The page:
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Nationwide Children's Hospital, Big Lots Behavioral Health Pavilion

July 2023
Member Project


Unicel Architectural 




The Big Lots Behavioral Health Pavilion at Nationwide Children’s Hospital is housed in a 386,000 square foot glass building featuring integrated inpatient and outpatient services. Unicel Architectural, which has a strong track record working with behavioral health centers, was asked to deliver an integrated louvers product. The pavilion now now boasts more than 300 exterior Vision Control units with vertical louvers and glass stops in glossy white and custom gray, each perfectly suited to the architect’s specifications, along with 120 interior Vision Control units and low-profile door trims with horizontal louvers to provide much-needed privacy and sound dampening.



Behavioral and mental health facilities have unique requirements to ensure patient and staff safety, including materials that protect patients and staff from harm and good visibility into patient areas. The client's goal with this project was to provide safety, comfort and natural light along with vision, temperature, daylight, and sound control.



The hospital required the louvers to be vertical – rather than the typical horizontal alignment – to match the building envelope’s vertical line-themed design. It also required replaceable polycarbonate on the interior (patient) side of all exterior windows, ligature-resistant operators that could be removed as needed, and low-profile interior doors featuring 1⁄2’’ polycarbonate on both sides.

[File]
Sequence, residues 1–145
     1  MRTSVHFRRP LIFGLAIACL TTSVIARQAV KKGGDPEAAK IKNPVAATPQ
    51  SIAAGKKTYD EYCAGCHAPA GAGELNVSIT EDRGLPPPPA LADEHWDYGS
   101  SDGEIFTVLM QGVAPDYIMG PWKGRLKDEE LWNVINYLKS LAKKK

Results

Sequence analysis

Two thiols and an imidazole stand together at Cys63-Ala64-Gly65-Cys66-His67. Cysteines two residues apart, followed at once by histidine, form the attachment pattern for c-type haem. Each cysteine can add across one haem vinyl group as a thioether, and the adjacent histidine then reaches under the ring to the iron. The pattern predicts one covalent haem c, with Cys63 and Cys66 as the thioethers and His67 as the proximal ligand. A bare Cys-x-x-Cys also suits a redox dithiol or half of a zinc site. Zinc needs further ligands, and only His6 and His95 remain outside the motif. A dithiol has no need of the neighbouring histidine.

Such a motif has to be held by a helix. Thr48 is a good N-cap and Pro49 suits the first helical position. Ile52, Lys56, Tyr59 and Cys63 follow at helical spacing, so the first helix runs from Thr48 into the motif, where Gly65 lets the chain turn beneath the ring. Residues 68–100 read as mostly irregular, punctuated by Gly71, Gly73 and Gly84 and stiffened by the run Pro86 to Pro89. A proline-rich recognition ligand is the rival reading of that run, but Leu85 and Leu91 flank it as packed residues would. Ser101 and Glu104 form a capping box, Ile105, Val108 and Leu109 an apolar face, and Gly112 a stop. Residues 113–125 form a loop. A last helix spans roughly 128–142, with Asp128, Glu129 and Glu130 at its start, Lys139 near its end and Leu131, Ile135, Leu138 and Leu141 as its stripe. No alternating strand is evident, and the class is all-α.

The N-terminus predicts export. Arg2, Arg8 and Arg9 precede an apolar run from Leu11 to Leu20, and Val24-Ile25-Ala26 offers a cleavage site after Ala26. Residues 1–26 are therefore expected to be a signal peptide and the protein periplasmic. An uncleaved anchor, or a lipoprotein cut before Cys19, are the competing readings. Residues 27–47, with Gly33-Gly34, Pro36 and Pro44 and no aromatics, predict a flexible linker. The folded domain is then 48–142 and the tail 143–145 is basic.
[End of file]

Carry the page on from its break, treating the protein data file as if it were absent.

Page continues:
Because Vision Control integrated, ligature-resistant louvers are made of extruded aluminum with pivots (rather than the alternative of cord suspended blinds), the client quickly realized it was the perfect product to meet the project specification of vertical louver alignment that also ensures patient safety. The interior 1⁄2’’ polycarbonate, which could have been integrated within the window units, was instead installed separately to meet the glazing requirement of replaceable polycarbonate on the patient side.

To ensure patient and staff safety, Vision Control for Behavioral Health certified under American Architectural Manufacturers’ Association (AAMA) 501.8 performance testing for resistance to human impacts (2,000 ft-lbs) was used. AAMA 501.8 is the standard industry test to determine the human impact resistance of window systems intended for use in psychiatric applications. It involves applying force to the window via a weighted device, to simulate the impact of a patient running into it at full speed.

For the interior doors, because the architect was again looking for something with a low profile, the final design used 3/8’’ LEXAN MR10 polycarbonate on both sides.

To meet the removable operator requirement, a mock-up was created featuring a removable crank handle with a hexagonal socket. But because the client preferred something completely smooth and low profile, Unicel switched to another model that inserted the crank handle into the glass stop to turn the shaft inside – leaving only a small hole on the stop, rather than something protruding. However, this hole created a new problem: the patients were filling it in with whatever materials they had on hand, from pencils to Play-Dough. After brainstorming with subcontractor Anderson Aluminum Corp., Unicel again modified the assembly to hide the hexagonal socket inside the glass stops, ensuring the stops remained smooth but with no hole that could be tampered with.


Key Findings, Measurable Results &/or Next Steps

The extensive exterior windows now provide comfort and natural light for patients and staff alike, with staff having full control over the amount of heat and light passing through the windows at all times of day.

On the inside, the pavilion’s 100-plus Vision Control units and low-profile door trims with horizontal louvers provide patients with much-needed privacy and sound dampening. Staff, on the other hand, are able to discreetly observe patients in private or common rooms through good sightlines and easily adjustable louvers (when adjusted correctly, louvers provide a feeling of privacy by allowing observers to see in, while patients cannot see out).

Architectural Firm